This is not a book of poetry, but highly recommended if you want a brief survey of important visionaries and trends within the sometimes hidden history of Christian mysticism. Francis of Assisi, Hildegard von Bingen, the Beguines, Meister Eckhart, Teresa of Avila, John of the Cross, Brother Lawrence, Jacob Boehme, Symeon the New Theologian, and many others. The author of this book has done a nice job of balancing history with spirituality. This little book makes an excellent introduction to depths of the Christian tradition that are too often overlooked. Even if you were raised within the Christian tradition, my guess is that much of your own spiritual history was not handed down to you. Here is a good place to start to regain that connection.

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31 responses so far

Jan 09 2009

Milarepa – The Profound Definitive Meaning

Published by under Ivan's Story,Poetry

The Profound Definitive Meaning
by Milarepa

English version by Marpa Translation Committee

For the mind that masters view the emptiness dawns
In the content seen not even an atom exists
A seer and seen refined until they’re gone
This way of realizing view, it works quite well

When meditation is clear light river flow
There is no need to confine it to sessions and breaks
Meditator and object refined until they’re gone
This heart bone of meditation, it beats quite well

When you’re sure that conducts work is luminous light
And you’re sure that interdependence is emptiness
A doer and deed refined until they’re gone
This way of working with conduct, it works quite well

When biased thinking has vanished into space
No phony facades, eight dharmas, nor hopes and fears,
A keeper and kept refined until they’re gone
This way of keeping samaya, it works quite well

When you’ve finally discovered your mind is dharmakaya
And you’re really doing yourself and others good
A winner and won refined until they’re gone
This way of winning results, it works quite well.

/ Photo by meg and rahul /

Seer and seen refined until they’re gone…

Look deeply enough, with your whole being, and the two merge. The object disappears into you. You disappear into it. Seer and seen are gone! What is left but a field living awareness?

…it works quite well.

Have a beautiful day, and remember to take a look around you. Who knows what adventure that glance might initiate?


I know, I know… There was no poem on Wednesday, and no explanation. Truthfully, I didn’t even turn my computer on that day. I had a New Years’ flu, one of those that hits you like an avalanche. Wrapped in blankets, hardly moving from the couch, I became much more familiar with the daytime television schedule than I care to admit. But I’m back now (mentally), mostly… Am I babbling now? Hmm, I wonder what’s on TV…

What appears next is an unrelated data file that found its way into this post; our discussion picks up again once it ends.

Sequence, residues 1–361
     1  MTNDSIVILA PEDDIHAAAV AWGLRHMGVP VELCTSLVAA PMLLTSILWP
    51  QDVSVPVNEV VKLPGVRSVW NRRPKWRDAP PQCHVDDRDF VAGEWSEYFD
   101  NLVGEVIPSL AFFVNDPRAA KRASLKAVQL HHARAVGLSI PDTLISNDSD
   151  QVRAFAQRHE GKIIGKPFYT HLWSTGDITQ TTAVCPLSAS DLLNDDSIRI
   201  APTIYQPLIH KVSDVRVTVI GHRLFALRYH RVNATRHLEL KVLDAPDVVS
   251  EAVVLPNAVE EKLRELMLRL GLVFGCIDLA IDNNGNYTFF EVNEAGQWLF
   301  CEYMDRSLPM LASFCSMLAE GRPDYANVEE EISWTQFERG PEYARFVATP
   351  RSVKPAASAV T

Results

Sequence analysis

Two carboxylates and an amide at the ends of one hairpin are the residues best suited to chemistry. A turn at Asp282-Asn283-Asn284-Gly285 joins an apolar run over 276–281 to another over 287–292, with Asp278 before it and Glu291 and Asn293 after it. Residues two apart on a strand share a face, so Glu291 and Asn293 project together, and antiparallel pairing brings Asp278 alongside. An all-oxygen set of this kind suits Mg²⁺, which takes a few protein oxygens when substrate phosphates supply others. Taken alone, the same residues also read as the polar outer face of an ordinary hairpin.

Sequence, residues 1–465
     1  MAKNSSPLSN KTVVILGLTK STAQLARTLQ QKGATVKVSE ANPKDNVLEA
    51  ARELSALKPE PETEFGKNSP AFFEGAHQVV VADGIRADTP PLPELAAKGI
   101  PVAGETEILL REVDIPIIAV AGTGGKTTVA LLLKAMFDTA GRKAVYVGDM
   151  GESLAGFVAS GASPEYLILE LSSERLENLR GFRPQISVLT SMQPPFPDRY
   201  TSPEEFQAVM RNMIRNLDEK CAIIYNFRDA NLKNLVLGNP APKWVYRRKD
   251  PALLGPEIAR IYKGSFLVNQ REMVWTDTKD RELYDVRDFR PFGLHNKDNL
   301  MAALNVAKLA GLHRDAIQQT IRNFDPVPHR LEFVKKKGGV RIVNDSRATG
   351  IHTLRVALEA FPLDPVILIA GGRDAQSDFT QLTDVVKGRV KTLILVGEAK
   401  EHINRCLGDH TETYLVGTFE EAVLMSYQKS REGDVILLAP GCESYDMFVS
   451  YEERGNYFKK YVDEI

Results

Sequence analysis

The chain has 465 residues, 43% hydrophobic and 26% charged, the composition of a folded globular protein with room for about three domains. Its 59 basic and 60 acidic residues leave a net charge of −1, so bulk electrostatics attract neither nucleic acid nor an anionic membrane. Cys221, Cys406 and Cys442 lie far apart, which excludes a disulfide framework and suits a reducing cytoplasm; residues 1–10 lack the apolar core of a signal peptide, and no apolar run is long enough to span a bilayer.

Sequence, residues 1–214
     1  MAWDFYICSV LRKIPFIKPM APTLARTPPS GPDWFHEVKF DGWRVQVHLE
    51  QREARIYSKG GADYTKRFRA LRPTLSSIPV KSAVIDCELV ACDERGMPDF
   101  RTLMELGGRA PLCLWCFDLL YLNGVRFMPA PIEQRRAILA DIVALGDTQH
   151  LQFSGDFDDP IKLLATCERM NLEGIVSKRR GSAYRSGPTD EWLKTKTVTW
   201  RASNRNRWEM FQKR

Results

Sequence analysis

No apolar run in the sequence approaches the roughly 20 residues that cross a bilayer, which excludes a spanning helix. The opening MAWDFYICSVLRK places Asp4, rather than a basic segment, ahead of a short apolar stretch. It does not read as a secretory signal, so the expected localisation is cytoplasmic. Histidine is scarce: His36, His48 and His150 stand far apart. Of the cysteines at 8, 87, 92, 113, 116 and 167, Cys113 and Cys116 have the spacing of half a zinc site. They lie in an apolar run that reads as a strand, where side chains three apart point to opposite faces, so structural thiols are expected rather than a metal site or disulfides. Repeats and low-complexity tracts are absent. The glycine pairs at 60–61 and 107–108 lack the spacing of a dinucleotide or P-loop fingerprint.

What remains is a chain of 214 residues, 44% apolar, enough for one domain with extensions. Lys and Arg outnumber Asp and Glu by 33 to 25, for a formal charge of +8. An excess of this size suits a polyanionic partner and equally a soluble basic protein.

Milarepa, Milarepa poetry, Buddhist poetry Milarepa

Tibet (1052 – 1135) Timeline
Buddhist : Tibetan

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3 responses so far

Dec 29 2008

Ivan M. Granger – The Warbler Knows

Published by under Ivan's Story,Poetry

The Warbler Knows
by Ivan M. Granger

The warbler knows
only dawn’s shaft
of light
on her breast.

Forgetting false future
suns, she sings

in no voice
but her own.

/ Photo by Taz-Voll /

Although snow is still on the ground here in Colorado, we’ve had a couple of days gentle sunshine, and it brought to mind tis poem I wrote a few years ago. I hope this short song summons a warm shaft of sunlight to you too…

Dawn is the flood of light that comes from the east which causes us to awaken. When we allow ourselves to become fully aware of this sacred state, we know nothing else, see nothing else; the spiritual dawn engulfs all, enlightening everything.

And we experience this state most strongly in the breast, a warming and radical opening and deep centering in the heart.

Utterly content in the eternal present, we forget the mind’s endless fantasies and fears about the future. All the future ever can be is an extension of the present, and it is here, now that we reside — always.

Recognizing this, we settle into silence, “no voice,” yet a song emerges from the stillness, nonetheless. The voice that sings is not the mind or the ego, but the presence quietly and eternally seated behind those fluctuating elements; it is the deeply familiar voice our true Self.

Ivan M. Granger, Ivan M. Granger poetry, Secular or Eclectic poetry Ivan M. Granger

US (1969 – )
Secular or Eclectic
Yoga / Hindu : Advaita / Non-Dualist

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6 responses so far

Dec 03 2008

Love and compassion are effortless

Love and compassion are effortless.
The soul is exhausted by the effort
to stop this natural outpouring
of the living heart.

3 responses so far

Dec 03 2008

Rolf Jacobsen – Moon and Apple

Published by under Ivan's Story,Poetry

Moon and Apple
by Rolf Jacobsen

English version by Robert Bly

When the apple tree blooms,
the moon comes often like a blossom,
paler than any of them,
shining over the tree.

It is the ghost of the summer,
the white sister of the blossoms who returns
to drop in on us,
and radiate peace with her hands
so that you shouldn’t feel too bad when the hard times come.
For the Earth itself is a blossom, she says,
on the star tree,
pale with luminous
ocean leaves.

— from The Winged Energy of Delight, Translated by Robert Bly